Pemba is prepared for potential attacks

Pemba Port, Mozambique. Credit: Africa Ports

The Port of Pemba has assured stakeholders that it has the necessary security measures in place to protect its facilities. Located in the far north of Mozambique, Pemba is the main port for the Cabo Delgado province, which is rapidly becoming Mozambique’s offshore oil and gas exploration hub. There has also been a spate of brutal attacks by an extremist Islamic group in the area, believed partly to be in opposition to the gas projects.

The port has been granted an International Maritime Organization (IMO) International Ship and Port Facility Security (ISPS) Code, which aims to structure the threat assessment and set appropriate security measures for vessels and port terminals to counter piracy, unauthorised access, and physical attacks on its facilities, Arnaldo Manjate from Mozambique’s state-owned ports and railways company CFM told the governor of Cabo Delgado province, Júlio Parruque, and the port facility managers and agencies.

According to Stratford Worldview, unknown assailants have attacked dozens of villages and some government positions in Cabo Delgado since 2017. “The crude tactics are often the same: militants swarm a village and shoot or behead residents unable to flee quickly enough, before setting fire to homes and businesses.”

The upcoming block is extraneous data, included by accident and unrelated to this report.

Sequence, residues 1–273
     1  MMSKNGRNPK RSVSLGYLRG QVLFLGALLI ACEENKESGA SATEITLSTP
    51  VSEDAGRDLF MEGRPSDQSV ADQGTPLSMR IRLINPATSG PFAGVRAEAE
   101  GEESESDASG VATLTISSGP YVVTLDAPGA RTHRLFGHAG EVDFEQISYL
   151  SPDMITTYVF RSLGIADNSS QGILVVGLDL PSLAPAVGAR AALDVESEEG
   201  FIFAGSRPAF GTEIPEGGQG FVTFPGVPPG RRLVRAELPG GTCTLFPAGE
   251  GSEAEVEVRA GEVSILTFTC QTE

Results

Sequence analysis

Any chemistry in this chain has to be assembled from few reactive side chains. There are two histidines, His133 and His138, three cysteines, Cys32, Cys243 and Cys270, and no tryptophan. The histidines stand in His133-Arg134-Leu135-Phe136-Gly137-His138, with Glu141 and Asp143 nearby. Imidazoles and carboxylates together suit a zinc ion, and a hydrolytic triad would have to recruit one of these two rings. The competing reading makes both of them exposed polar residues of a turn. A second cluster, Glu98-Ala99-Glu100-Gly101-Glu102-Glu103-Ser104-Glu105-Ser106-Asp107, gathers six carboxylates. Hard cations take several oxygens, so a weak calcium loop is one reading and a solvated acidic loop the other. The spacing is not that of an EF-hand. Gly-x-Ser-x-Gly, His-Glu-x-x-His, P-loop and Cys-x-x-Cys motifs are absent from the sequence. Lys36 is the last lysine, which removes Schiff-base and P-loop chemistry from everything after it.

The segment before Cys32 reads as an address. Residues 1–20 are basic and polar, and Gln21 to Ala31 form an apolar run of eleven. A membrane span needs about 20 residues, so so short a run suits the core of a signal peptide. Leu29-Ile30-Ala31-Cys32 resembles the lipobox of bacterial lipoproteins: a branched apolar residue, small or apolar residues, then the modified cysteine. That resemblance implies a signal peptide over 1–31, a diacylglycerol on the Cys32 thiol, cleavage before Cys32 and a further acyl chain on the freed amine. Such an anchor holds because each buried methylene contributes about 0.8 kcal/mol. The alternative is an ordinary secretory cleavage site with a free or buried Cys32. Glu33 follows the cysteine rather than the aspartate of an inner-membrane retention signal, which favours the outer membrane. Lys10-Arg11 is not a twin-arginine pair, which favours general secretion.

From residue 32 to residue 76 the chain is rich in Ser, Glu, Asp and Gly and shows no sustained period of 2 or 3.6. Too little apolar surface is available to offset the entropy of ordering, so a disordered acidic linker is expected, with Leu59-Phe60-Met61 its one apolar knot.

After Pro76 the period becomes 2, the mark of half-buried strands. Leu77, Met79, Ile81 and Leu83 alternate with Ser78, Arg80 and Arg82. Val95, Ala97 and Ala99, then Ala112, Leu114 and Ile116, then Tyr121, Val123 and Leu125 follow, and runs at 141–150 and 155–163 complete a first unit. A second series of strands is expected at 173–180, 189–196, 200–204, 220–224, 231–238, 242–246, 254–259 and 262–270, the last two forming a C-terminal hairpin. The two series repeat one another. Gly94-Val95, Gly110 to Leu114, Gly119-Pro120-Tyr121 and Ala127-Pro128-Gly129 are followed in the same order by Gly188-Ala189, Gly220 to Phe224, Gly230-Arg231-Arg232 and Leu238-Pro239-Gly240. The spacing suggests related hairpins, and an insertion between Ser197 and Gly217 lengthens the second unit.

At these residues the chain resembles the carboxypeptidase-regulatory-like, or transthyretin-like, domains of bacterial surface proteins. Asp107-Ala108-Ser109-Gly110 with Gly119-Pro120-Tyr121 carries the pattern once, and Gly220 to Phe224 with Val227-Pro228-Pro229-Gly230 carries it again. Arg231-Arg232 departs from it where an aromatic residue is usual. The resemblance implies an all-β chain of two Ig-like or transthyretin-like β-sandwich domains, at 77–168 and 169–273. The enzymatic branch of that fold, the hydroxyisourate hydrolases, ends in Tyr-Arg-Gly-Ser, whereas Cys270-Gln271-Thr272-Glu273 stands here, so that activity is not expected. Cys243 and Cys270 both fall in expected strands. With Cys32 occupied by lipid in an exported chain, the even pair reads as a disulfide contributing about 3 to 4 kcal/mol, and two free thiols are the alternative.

The attackers are called “al Shabaab” and “Ahlu Sunnah Wa-Hamo” by locals and are believed to have international jihadist connections. Some of the arrested suspects have said they are opposed to the gas drilling, the Environmental Justice reports.

In June 2017, Italian oil and gas company ENI committed to investing USD10 billion to the construction of Coral South, a floating liquefied natural gas (FLNG) platform in the Rovuma Basin off the coast of Mozambique.

In June 2019, Mozambique LNG (led by US-based Anadarko) committed USD20 billion to developing its gas reserve in offshore area 1, representing about 75 trillion cubic feet of recoverable natural gas. In December 2019, Rovuma LNG (led by ExxonMobil and ENI) is expected to commit USD30 billion to develop the same.

In February, an Anadarko caravan was targeted in two attacks, which resulted in one dead and six injured. These were the first known attacks targeting companies involved in gas projects in the Rovuma Basin since the outbreak of armed violence in Cabo Delgado.

Decades of poverty and the sudden arrival of fossil fuel companies in the region make for a “potential powder keg”, says Eric Morier-Genoud, lecturer in African history at the Queen’s University Belfast.